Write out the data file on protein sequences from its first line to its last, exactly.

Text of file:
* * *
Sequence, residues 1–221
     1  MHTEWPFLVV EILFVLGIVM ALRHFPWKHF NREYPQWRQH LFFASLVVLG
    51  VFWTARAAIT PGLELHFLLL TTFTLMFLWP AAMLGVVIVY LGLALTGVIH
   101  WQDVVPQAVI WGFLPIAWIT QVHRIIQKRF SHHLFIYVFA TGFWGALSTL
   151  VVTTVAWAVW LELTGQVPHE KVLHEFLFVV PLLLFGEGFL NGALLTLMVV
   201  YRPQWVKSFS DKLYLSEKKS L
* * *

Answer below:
Sequence, residues 1–221
     1  MHTEWPFLVV EILFVLGIVM ALRHFPWKHF NREYPQWRQH LFFASLVVLG
    51  VFWTARAAIT PGLELHFLLL TTFTLMFLWP AAMLGVVIVY LGLALTGVIH
   101  WQDVVPQAVI WGFLPIAWIT QVHRIIQKRF SHHLFIYVFA TGFWGALSTL
   151  VVTTVAWAVW LELTGQVPHE KVLHEFLFVV PLLLFGEGFL NGALLTLMVV
   201  YRPQWVKSFS DKLYLSEKKS L